Is your well-being strategy making an impact?

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2 April, 2024 - While many organizations are prioritizing diversity, equity, and inclusion (DE&I) policies to reduce employee burnout and boost morale, there's a growing concern about the legitimacy and longevity of some well-being initiatives. The term ”well-washing” has been coined to describe initiatives that lack real substance, which can be just as damaging as not having any initiatives at all.

A recent BSI Consulting poll of EHS organizations shows that despite the progression in DE&I initiatives, 56 percent view worker health or burnout as their biggest concern for the remainder of the year. These concerns not only impact the bottom line of an organization but also the well-being and security of its employees (See poll results below).


Though the urgency for such policies differs among industries, the American Psychological Association’s (APA) 2022 Work and Well-being Survey reports that significant progress has been made as 7 out of 10 workers believe their employer does care more now about their mental health than in previous years. However, the APA’s survey also reveals that 60 percent of respondents believe their pay is not in line with inflation, and 52 percent agree that pay does not reflect the work they do.

Pay discrepancies are one of the largest causes of worker stress across all industries, particularly for women. According to the US Department of Labor, women who work full time year round are paid an average of 83.7 percent as much as men, which amounts to a difference of $10,000 per year. The gaps are even larger for many women of color and women with disabilities (but that’s a topic for another time).

Financial factors in general are leading to worker stress and fear over job security as major layoffs and budget cutbacks continue across organizations of all sizes.

Are DE&I policies just for show?

While worker well-being is only a small element of an overall DE&I policy, it can have some of the greatest impact on corporate culture, but only if it’s done right (which can be really difficult).

As corporate well-being initiatives boom, allegations of ”well-washing” are emerging. Similar to the widely known term ”greenwashing,” ”well-washing” means that company initiatives are ”mostly for show” rather than having any depth. The APA’s survey backs these claims, with 47 percent of those having DE&I policies deeming them superficial and lacking any real impact on employee health.

This is not due to absence of care from leadership; it comes down to a lack of guidance and knowledge on how to implement these well-being initiatives.

Now what?

Here are a few steps your organization can take to avoid accusations of ”well-washing”:

  • Build a supportive culture through better work-life balance, flexible working patterns, and employee recognition programs. 46 percent of participants from the APA’s study work flexibly, and 95 percent of those reported that it’s an effective support for their overall health and well-being. Employee recognition increases staff retention and decreases stress by showing gratitude for hard work.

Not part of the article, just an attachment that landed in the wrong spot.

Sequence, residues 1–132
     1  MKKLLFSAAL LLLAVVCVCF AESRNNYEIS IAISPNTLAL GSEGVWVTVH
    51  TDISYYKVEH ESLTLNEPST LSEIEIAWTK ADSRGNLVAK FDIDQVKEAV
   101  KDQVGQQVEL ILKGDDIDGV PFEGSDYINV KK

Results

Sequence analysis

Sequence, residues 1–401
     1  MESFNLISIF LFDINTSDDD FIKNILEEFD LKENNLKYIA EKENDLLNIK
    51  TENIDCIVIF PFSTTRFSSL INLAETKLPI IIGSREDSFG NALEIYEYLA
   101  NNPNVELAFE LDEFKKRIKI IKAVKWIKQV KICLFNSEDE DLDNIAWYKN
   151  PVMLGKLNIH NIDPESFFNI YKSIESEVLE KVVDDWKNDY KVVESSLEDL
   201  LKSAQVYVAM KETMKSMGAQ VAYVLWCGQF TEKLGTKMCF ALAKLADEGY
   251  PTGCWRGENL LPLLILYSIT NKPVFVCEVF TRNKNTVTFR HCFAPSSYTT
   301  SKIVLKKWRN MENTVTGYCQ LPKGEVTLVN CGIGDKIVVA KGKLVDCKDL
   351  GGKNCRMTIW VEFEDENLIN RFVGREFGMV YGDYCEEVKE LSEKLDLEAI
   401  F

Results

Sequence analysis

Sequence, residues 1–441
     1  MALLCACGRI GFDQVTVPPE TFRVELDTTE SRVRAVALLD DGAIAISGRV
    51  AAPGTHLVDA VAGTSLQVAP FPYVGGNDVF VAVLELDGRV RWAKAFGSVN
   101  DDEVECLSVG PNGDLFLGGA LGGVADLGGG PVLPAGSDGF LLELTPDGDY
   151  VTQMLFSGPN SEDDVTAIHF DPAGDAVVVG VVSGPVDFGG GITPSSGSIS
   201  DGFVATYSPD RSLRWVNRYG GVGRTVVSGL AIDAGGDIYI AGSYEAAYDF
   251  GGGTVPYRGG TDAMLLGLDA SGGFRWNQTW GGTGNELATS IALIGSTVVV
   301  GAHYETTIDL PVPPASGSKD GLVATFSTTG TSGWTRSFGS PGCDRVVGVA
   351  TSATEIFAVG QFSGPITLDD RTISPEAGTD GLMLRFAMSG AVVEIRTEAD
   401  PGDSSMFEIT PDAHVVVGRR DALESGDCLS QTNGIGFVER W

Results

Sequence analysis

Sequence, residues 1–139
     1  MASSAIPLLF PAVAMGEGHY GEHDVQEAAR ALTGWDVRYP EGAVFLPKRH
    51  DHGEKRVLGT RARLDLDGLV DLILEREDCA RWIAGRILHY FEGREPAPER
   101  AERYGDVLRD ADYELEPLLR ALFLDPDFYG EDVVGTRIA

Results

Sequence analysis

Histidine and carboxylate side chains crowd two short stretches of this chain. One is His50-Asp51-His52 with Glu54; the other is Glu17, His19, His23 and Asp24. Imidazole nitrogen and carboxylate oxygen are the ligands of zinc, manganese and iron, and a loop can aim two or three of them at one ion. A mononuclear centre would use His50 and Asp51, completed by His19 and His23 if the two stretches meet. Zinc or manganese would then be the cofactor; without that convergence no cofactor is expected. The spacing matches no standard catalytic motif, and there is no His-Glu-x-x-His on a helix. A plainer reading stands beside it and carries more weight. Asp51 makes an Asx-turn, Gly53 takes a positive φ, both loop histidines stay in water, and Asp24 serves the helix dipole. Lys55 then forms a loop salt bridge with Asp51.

• Implement flexible options to improve morale. More than 60 companies in the U.K. recently underwent the world's largest trial of the four day working week for six months and saw breakthrough results. Over 90 percent of participants are rolling out the scheme permanently after reporting that productivity levels were maintained, and well-being and staff retention improved. Similarly, the APA's survey highlights other options linked to job satisfaction in the US as 86 percent of respondents note that they are satisfied with their current schedule, which includes total hours worked and flexibility options. Though flexibility may not work for all industries, it is certainly an area for organizations to consider globally.
  • Introduce solutions to help workers gain new skills, build confidence, and ultimately generate greater quality work and achieve higher productivity levels. These include:
  • Career development to empower employees in steps to promotion and advancing in their careers.
  • Financial management workshops to teach employees how to budget and manage their money in a time of financial uncertainty.
  • An Employee Assistance Program (EAP) using an external provider to help employees manage life challenges from family and personal issues to mindfulness workshops. These initiatives may also include free counselling sessions and 24/7 access to valuable resources.

As we continue to make progress toward a more diverse, equitable, and inclusive workplace, it's crucial to keep the momentum going. By prioritizing the health and well-being of all employees and benchmarking DE&I initiatives, organizations will begin to see the lasting benefits of a happier, more engaged workforce.

Learn from our health, safety, and wellbeing experts in Surviving to thriving: Foundational steps to support a thriving business, Tech fusion: Future of health, safety, and well-being is now, and Surviving to thriving: Tackling workforce mental health and well-being. Be sure to keep an eye out for Jennifer Dobb's upcoming series, which will explore various aspects of DE&I to consider for your organization.

Follow along with other environmental, health, safety, supply chain, and digital trust topics that should be at the top of your list at BSI’s Experts Corner.